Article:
What’s in store for second-year receiver Sterling Shepard?
Sterling Shepard was initially drafted to be the Giants’ slot receiver for the foreseeable future, a role for which the second-year man out of Oklahoma is custom-made. He is fearless going over the middle, which is something you just can’t teach a young receiver. He’s quick enough to make a tackler miss in the open field, and he’s a smart football player.
However, like many of the receivers on last year’s team, Shepard’s Kryptonite was man-to-man coverage. Part of the reason the Giants passing game struggled outside of Odell Beckham Jr. is that none of the receivers could consistently beat man-to-man coverage and get open for Eli Manning to find them.
If you think about it, that’s inexcusable considering that Beckham drew double coverage, which left the other receivers with the single task of beating their man. That they couldn’t do it is a big reason for the passing game’s decline from 2015 to 2016.
Even with the additions of Brandon Marshall and Evan Engram, receivers like Shepard are still going to have to show that they can take advantage of single coverage, that they can beat the guy across from them. If Shepard can do that, then expect him to take a big leap forward in his second year.
So, what exactly happened to him last year after his hot start?
We touched on this above, but let’s go into a little more detail. Shepard struggled at times to separate and get open, those struggles settling in after the first month of the season.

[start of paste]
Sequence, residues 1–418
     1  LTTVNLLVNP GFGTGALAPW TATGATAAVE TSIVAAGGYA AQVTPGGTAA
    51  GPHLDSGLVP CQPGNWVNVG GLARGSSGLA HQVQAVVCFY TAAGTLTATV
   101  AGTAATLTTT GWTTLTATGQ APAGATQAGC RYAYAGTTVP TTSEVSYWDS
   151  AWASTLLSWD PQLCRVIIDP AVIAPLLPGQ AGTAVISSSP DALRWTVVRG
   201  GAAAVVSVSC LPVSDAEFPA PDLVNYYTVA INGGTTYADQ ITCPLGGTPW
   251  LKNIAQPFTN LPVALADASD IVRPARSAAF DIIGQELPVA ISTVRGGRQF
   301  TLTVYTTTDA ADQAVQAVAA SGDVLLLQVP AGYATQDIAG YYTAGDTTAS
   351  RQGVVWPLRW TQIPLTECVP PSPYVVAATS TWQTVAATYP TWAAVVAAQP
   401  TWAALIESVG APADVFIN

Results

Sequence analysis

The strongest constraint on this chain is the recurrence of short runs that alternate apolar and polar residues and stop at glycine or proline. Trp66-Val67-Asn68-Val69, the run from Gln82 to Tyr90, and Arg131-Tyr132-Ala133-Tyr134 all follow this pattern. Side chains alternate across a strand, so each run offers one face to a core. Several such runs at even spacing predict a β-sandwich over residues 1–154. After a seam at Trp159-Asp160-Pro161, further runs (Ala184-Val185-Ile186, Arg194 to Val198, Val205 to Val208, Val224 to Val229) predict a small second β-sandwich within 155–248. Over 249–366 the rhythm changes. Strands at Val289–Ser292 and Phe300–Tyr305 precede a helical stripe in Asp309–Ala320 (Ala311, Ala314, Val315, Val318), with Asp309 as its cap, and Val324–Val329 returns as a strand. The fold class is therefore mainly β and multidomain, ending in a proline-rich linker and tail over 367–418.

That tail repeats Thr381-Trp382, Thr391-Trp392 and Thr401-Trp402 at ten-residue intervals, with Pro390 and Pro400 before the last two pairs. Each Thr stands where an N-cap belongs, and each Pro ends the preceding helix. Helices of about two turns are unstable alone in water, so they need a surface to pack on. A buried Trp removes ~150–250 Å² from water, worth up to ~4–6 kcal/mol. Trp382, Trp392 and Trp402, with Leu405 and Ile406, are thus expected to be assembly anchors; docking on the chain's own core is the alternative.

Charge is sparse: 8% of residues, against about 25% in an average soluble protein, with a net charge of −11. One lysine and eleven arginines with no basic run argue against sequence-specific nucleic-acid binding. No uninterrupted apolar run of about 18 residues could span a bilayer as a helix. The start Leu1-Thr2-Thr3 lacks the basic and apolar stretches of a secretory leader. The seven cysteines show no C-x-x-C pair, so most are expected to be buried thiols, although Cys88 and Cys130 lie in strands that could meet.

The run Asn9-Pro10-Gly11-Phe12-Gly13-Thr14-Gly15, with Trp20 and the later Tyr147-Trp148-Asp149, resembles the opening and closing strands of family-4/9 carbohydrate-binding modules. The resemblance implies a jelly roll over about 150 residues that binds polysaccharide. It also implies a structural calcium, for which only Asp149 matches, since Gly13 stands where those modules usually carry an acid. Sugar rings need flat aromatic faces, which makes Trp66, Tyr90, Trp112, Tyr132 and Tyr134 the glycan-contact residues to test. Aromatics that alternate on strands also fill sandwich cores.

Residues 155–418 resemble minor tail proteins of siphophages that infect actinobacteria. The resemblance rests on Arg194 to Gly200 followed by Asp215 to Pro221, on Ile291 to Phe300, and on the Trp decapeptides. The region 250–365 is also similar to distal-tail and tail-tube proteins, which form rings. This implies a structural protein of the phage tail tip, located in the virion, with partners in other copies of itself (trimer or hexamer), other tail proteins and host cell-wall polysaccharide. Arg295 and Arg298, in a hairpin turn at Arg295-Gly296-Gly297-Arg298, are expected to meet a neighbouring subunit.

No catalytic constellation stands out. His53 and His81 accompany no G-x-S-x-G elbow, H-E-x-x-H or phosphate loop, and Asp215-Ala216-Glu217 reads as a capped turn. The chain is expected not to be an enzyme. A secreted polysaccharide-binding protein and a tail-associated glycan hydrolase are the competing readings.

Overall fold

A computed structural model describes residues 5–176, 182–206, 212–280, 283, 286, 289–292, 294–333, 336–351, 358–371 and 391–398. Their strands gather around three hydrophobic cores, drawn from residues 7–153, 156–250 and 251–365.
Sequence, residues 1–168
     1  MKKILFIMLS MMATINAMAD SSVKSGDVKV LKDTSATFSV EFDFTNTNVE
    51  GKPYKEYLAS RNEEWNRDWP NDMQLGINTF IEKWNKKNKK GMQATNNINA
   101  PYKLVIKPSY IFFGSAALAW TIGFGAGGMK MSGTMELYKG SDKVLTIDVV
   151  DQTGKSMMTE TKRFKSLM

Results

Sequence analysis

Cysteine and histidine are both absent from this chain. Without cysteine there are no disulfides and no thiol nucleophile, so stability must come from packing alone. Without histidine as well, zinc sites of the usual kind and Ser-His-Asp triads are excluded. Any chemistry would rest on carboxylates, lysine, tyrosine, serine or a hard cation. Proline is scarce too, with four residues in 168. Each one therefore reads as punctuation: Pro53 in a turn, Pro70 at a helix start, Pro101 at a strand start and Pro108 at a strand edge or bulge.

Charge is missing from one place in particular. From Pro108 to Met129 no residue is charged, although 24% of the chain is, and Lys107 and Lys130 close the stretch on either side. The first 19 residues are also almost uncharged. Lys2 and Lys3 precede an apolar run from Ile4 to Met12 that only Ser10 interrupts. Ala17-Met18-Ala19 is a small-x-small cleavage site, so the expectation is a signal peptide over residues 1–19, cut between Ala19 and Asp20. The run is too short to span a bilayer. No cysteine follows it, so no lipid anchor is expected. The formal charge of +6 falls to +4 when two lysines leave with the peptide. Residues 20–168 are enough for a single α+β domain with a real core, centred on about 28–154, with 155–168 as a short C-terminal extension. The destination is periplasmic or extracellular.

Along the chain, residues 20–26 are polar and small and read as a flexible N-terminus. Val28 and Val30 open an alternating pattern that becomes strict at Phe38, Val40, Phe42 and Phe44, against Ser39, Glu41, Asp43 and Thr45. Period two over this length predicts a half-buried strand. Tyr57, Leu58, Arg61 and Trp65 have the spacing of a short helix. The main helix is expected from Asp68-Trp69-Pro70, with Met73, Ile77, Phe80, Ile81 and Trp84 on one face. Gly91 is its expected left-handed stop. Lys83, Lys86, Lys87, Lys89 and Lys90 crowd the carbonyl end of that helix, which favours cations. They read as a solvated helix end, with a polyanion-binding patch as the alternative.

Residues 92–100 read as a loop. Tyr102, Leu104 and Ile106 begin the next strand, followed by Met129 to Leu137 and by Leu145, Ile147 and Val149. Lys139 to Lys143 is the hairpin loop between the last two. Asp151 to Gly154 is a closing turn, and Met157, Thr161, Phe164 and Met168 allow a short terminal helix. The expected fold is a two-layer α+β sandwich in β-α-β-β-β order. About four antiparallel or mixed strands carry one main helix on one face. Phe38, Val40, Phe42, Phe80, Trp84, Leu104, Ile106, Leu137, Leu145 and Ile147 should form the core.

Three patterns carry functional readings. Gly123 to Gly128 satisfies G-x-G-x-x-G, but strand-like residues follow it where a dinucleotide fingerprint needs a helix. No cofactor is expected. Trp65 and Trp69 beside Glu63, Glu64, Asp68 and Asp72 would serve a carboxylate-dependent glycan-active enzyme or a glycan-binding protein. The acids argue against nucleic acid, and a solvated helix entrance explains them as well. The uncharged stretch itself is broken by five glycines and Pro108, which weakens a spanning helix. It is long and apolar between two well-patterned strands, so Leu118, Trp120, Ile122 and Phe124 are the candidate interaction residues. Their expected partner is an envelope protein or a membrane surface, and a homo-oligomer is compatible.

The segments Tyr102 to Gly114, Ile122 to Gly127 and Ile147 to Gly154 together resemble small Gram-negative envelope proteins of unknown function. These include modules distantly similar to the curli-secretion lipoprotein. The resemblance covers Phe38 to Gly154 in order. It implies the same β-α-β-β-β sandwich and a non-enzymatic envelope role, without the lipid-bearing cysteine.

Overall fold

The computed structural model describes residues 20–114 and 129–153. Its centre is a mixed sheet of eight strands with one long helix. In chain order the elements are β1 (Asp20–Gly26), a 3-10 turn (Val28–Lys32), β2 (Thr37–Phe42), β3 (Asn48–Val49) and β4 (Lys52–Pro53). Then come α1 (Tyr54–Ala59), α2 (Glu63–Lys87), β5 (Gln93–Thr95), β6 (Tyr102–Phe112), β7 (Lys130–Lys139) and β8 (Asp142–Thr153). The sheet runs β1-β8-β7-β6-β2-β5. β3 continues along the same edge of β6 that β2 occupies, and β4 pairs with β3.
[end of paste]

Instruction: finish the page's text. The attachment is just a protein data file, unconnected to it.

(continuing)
In his first four games, Shepard caught 22 of 27 pass targets (81 percent). That changed as the season went on and teams figure out how to minimize the damage Beckham was capable of inflicting. In his last 11 games, he caught 43 of 74 pass targets (58 percent), with zero pass targets in Week 12.
Among the potential issues here include Shepard’s struggles to beat man-on-man coverage and his struggles to fight off being jammed.
Theoretically if a receiver is drawing double coverage, as was often the case for Odell Beckham Jr., his fellow receivers should be able to inflict their own damage.
That wasn’t the case with Shepard, who while fearless as a receiver, especially going over the middle, needs to get stronger in the upper body, quicker, and more effective with swatting away defenders who try to jam him.
Is he going to lose snaps to Evan Engram in the slot?
If the Giants can get a size advantage by putting Engram in the slot, then they’d be foolish not to do it in the right situations.
With that said, we don’t think that means Shepard is going to the bench when Engram lines up in the slot. Head coach Ben McAdoo and the offensive coaches experimented with some different looks in the spring to keep Shepard involved.
Remember, the goal is to create mismatches. Last year due in part to injuries and due in part to the ineffectiveness of some of the talent, the coaching staff couldn’t quite be as multiple in offense as it probably would have liked. this year, if everyone stays healthy, there’s every reason to think this offense is going to easily climb back into the top-10 league wide.
During the spring, Shepard spoke about wanting to be more effective with yards after the catch—of his 683 receiving yards, only 258 came after the catch—37.7 percent.
That desire of his ties in with the need to get quicker in his routes and to separate. In the spring drills, he appeared to be quicker, but with no contact allowed, we couldn’t gauge any improvement in fighting off the jam.
One other thing to watch for this summer is how Shepard ends up being used. As previously noted, the addition of Evan Engram and Brandon Marshall should give the coaching staff greater flexibility regarding how they move their various receiving weapons around.
Shepard, who lined up mostly in the slot as a rookie, will probably see more snaps as an outside receiver in his second season as part of that personnel chess match.